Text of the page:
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What to Do When You Receive an Out-of-Network Shakedown Letter

Service providers challenging a denied benefits claim can be intimidating

A woman in a business suit is looking at a piece of paper.

Your daily routine is interrupted when the mailroom clerk drops a thick certified mail envelope on your desk. Inside that envelope is a dense, rambling and threatening 20-page demand letter from an attorney. The letter appears to be challenging the denial of a benefits claim under your company's group health plan. The amount claimed to be owed by the plan is wildly inflated compared to the value of the medical services and supplies that were actually or allegedly provided.

The demand letter contains a document signed by the health plan participant that purports to assign to an out-of-network medical provider the participant's benefits and legal rights, and also to appoint the out-of-network provider as the participant's "authorized representative" and "assignee" under the Employee Retirement Income Security Act (ERISA) and the plan.

The demand letter says that your "usual and customary rates" for paying out-of-network claims are invalid. With a generous sprinkling of boldface, underlines and ALL CAPS, the barely coherent demand letter purports to back up its spurious claims with a hodgepodge of sources, such as newspaper articles, lawsuits in faraway places and a 2008 investigation by the New York attorney general.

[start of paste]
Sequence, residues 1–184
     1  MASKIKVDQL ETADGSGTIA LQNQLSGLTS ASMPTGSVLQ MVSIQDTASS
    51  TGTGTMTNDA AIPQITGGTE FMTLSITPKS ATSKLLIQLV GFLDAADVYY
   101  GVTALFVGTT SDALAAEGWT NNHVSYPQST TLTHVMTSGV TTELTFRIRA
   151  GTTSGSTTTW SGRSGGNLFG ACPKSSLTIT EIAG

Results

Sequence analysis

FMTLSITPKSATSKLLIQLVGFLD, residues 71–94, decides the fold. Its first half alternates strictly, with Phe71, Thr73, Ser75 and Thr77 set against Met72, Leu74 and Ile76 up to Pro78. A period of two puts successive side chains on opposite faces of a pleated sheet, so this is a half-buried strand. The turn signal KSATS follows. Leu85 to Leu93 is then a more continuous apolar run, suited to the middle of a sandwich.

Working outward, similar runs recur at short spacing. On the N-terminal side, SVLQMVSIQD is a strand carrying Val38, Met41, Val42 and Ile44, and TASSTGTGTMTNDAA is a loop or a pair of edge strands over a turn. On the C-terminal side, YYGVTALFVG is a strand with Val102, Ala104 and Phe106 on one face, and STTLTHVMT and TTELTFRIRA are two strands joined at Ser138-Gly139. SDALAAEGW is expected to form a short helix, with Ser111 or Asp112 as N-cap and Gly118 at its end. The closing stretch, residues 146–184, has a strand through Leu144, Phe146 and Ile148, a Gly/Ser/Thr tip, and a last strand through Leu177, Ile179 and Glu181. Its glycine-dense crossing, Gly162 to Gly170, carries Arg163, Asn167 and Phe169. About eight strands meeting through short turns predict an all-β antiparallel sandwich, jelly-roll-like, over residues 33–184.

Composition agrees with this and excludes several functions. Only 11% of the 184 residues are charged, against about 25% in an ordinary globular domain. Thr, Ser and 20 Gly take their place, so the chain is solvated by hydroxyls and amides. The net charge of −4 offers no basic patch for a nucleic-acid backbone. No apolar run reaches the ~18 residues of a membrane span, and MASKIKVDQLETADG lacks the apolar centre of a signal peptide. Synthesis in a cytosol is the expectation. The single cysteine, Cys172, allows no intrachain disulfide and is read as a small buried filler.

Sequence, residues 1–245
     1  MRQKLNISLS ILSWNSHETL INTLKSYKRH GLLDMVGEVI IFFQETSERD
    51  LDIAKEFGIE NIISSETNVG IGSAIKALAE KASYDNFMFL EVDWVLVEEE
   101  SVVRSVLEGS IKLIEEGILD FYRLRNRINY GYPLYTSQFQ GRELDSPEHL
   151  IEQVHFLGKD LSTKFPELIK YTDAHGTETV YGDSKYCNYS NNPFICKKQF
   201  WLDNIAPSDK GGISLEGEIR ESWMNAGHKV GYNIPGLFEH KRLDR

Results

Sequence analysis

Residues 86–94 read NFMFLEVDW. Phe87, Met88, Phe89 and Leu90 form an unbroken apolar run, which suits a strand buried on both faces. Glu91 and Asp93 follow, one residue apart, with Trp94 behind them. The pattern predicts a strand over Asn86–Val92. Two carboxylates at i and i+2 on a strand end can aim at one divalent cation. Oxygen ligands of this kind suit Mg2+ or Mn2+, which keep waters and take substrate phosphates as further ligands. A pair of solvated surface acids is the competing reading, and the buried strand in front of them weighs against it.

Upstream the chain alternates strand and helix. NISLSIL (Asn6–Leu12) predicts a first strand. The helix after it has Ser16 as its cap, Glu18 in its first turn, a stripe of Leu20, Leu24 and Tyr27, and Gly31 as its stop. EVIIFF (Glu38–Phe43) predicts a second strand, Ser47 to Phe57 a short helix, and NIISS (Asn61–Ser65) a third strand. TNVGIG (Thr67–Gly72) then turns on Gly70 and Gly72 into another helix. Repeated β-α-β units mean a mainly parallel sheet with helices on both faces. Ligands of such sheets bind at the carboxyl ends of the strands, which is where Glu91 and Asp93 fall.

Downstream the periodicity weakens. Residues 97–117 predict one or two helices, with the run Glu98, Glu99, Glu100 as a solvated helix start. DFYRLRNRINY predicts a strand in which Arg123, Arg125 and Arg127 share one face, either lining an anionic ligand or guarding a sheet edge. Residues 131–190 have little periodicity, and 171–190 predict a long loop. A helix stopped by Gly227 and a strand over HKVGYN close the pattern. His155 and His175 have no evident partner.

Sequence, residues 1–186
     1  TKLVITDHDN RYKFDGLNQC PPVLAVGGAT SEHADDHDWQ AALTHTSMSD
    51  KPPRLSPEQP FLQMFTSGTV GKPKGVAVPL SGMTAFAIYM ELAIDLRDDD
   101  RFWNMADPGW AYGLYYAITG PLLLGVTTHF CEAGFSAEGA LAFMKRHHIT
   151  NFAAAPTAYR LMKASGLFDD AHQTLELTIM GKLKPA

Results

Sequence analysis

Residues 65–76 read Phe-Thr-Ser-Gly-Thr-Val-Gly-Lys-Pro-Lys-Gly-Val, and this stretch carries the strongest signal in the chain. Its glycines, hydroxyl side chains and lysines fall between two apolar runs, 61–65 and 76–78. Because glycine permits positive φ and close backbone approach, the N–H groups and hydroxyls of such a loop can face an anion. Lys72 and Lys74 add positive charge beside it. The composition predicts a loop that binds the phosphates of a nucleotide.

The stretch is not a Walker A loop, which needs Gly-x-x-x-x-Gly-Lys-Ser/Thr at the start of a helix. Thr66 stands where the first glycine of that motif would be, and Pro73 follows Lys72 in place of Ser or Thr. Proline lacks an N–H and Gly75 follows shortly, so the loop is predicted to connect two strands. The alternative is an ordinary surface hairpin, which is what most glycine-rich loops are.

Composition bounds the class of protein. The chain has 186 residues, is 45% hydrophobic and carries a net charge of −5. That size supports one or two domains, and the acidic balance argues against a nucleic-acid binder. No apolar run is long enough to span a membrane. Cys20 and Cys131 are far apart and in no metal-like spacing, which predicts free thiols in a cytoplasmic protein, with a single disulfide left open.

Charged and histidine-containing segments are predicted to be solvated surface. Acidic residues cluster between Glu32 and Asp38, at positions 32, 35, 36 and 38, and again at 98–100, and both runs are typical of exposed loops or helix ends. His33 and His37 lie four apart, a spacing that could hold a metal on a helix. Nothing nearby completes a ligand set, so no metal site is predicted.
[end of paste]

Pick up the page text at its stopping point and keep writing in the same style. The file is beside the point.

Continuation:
Situations like this have become all too common under employer-sponsored group health plans. A physician-owned, out-of-network health care service provider—such as an ambulatory surgery center or a sleep center—sends a demand letter to the plan administrator. The letter asserts an appeal of a denied benefits claim by one of the plan's participants; requests copies of a lengthy list of plan-related documents; and alleges that the plan administrator, the plan sponsor, the plan's third-party claims administrator, the insurance carrier and/or the plan itself have violated ERISA and other federal or state laws relating to plan administration or the participant's benefits claim.

Often, there is evidence that the out-of-network provider has waived some or all of the participant's portion of the charges otherwise payable for the health care services received, such as a waiver or reduction of the participant's required cost-sharing amount under the terms of the plan for deductibles, co-pays and co-insurance pertaining to the covered services.

What should you do when you receive this kind of shakedown letter? And more importantly, what should you be doing to avoid getting a letter like this in the first place?

How to Respond

Do not ignore the letter. ERISA imposes mandated timeframes for responding to benefit claims and appeals, as well as for responding to written requests from participants or their authorized representatives for certain plan-related documents that are required to be disclosed under ERISA.

Determine what defenses may be available to you. Do any of these possible defenses apply?: